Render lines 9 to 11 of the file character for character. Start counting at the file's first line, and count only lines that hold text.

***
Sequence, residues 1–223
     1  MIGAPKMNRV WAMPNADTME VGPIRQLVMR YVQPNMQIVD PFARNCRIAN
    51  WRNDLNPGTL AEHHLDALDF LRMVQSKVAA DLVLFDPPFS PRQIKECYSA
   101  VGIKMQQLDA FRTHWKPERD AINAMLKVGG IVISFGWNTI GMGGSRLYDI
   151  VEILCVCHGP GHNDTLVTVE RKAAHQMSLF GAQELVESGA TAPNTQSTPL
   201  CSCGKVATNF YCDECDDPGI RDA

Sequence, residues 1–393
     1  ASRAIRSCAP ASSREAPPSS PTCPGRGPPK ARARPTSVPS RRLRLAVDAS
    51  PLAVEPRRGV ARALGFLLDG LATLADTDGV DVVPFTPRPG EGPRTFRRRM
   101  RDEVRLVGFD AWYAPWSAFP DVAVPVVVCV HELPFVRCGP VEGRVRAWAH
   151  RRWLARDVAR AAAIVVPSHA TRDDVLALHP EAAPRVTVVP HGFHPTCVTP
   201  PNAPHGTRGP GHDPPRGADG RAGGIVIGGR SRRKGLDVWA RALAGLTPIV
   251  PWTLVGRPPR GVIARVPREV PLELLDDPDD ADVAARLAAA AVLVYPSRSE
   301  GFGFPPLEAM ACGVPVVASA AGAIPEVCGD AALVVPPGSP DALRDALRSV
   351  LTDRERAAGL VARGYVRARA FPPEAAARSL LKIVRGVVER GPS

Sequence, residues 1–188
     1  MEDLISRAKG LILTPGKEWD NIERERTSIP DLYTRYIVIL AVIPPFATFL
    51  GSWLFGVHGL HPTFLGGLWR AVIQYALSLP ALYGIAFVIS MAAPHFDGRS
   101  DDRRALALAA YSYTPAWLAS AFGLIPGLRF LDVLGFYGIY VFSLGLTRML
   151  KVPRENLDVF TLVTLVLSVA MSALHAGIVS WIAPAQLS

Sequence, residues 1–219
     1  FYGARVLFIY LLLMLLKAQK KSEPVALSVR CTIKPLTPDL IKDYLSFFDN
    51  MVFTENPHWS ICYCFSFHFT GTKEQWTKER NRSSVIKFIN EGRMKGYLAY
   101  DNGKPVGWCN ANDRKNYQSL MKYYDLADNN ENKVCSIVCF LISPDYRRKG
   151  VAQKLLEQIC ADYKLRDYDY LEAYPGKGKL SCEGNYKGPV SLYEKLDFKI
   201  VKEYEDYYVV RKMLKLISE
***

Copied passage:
    51  PLAVEPRRGV ARALGFLLDG LATLADTDGV DVVPFTPRPG EGPRTFRRRM
   101  RDEVRLVGFD AWYAPWSAFP DVAVPVVVCV HELPFVRCGP VEGRVRAWAH
   151  RRWLARDVAR AAAIVVPSHA TRDDVLALHP EAAPRVTVVP HGFHPTCVTP